The crossovers will be outboard to facilitate tweaks and rebuilds. Initial values will be cookbook solutions derived from published data and gleanings from web searches.
I realize that my design approach does not take advantage of the available art in modeling either the acoustic properties of the transmission line or the electrical properties of the crossover network. I am rather math challenged and a Mac guy to boot so I haven’t been able to run modeling software and would end up confused and depressed if I could. So what the hell I’ll just start whacking with a machete and clean up the mess afterwards.


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Whacking Wood

Needing to get enough squares of 18mm ply to get a stack 30cm high from the 4x8 sheets necessitated cutting the sheet into 3 strips of 6 squares 15.5 x 15.5 inches. Two squares would be laminated for a removable bottom and two squares laminated for the integral top. All squares were radiused at the corners by about 8cm.The remaining squares had their centers removed making a 33cm square hole. The box wall thicknesses were to be about 1.25 inches, this was reduced in finishing to a little over an inch. I built a little radius jig for my jigsaw to round the corners and a locating jig for my plunge saw to cut the holes.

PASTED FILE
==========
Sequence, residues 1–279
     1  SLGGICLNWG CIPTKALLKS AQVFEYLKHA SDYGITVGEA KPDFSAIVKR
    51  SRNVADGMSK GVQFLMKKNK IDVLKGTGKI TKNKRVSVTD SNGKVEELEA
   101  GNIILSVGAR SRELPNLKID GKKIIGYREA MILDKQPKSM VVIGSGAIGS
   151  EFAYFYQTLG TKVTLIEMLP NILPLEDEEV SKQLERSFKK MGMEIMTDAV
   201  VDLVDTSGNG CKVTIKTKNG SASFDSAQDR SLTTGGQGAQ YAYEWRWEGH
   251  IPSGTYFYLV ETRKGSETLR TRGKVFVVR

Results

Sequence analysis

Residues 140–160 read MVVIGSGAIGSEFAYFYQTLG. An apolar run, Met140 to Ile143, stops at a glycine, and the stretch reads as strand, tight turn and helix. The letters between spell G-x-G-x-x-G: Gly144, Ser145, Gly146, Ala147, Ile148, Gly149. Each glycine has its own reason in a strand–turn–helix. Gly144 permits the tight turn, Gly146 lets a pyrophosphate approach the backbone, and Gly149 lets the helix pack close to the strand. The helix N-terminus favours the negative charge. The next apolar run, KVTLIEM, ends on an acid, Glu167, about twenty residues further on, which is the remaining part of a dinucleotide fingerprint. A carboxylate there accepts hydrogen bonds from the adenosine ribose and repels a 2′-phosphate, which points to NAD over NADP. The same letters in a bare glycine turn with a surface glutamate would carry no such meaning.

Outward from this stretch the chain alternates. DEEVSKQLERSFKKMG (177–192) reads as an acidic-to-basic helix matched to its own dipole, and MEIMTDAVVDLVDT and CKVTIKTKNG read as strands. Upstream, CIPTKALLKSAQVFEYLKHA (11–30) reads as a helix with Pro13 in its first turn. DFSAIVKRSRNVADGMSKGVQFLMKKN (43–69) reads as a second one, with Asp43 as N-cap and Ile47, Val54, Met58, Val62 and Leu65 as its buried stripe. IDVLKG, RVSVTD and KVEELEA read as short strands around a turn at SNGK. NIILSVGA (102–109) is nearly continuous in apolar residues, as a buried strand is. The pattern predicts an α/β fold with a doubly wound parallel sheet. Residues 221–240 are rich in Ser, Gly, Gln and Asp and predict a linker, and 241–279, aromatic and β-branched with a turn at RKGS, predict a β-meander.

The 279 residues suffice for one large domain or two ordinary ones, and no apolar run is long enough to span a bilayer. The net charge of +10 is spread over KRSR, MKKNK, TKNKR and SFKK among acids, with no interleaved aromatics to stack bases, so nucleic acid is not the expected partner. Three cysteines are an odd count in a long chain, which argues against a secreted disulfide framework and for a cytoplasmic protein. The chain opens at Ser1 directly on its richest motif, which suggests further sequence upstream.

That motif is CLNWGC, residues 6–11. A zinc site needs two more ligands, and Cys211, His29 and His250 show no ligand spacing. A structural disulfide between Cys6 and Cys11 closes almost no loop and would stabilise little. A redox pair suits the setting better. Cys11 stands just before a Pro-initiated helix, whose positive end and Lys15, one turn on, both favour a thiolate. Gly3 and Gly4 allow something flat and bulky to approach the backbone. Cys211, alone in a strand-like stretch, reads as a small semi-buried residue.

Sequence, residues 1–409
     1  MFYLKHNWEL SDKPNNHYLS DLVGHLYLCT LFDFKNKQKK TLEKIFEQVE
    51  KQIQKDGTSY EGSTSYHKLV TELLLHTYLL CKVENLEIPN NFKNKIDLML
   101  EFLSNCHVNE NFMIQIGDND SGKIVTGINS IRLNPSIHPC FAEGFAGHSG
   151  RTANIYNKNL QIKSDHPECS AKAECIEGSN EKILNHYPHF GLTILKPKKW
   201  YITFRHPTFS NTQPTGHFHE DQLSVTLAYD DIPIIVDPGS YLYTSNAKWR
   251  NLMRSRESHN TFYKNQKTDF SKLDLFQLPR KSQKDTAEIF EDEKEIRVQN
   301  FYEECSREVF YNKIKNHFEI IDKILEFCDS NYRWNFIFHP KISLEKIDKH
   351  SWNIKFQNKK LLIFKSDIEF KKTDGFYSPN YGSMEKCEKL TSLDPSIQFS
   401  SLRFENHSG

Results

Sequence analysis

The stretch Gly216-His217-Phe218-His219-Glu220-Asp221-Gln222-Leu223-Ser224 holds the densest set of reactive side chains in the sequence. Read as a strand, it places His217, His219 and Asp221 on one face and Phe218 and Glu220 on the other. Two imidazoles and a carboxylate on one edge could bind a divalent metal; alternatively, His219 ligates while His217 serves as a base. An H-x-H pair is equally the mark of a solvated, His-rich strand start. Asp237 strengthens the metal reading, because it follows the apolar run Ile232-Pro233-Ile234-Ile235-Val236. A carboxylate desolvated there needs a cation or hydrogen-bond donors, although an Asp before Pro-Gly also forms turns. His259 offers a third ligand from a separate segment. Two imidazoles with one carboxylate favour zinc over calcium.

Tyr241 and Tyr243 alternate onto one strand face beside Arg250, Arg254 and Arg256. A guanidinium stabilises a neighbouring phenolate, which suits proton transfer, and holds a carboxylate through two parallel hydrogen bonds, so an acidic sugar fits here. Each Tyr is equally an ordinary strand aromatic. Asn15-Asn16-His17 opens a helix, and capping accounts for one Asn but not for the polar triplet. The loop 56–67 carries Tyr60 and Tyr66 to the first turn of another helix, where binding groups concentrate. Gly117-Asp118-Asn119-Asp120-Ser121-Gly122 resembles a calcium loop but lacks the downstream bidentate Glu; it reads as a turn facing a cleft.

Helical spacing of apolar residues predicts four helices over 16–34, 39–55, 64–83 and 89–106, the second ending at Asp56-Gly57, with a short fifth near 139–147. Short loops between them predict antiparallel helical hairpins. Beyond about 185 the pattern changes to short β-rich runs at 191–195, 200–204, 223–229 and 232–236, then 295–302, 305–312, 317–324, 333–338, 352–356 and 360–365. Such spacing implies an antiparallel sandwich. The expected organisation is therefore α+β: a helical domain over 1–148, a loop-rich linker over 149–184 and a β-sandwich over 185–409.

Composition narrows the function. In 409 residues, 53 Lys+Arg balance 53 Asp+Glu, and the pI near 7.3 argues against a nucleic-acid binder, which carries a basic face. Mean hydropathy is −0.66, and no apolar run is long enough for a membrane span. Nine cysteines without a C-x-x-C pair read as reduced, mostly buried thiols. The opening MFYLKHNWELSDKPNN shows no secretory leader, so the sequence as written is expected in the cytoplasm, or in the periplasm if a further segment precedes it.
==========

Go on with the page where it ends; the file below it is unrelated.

The bottom piece was routed with four 5 inch holes to accept glued in ABS coupling fittings.
Mindful of the disappointment Wesayso suffered with his build I took a belt and suspenders approach to laminating the box. Building up from the laminated top piece I glued and screwed each layer. Every lamination was screwed to the one beneath it with twelve screws, I still worry that the internal laminations of the plywood will show cracks. After a day or two I had my box.
The bottom piece was screwed to the box for finish sanding.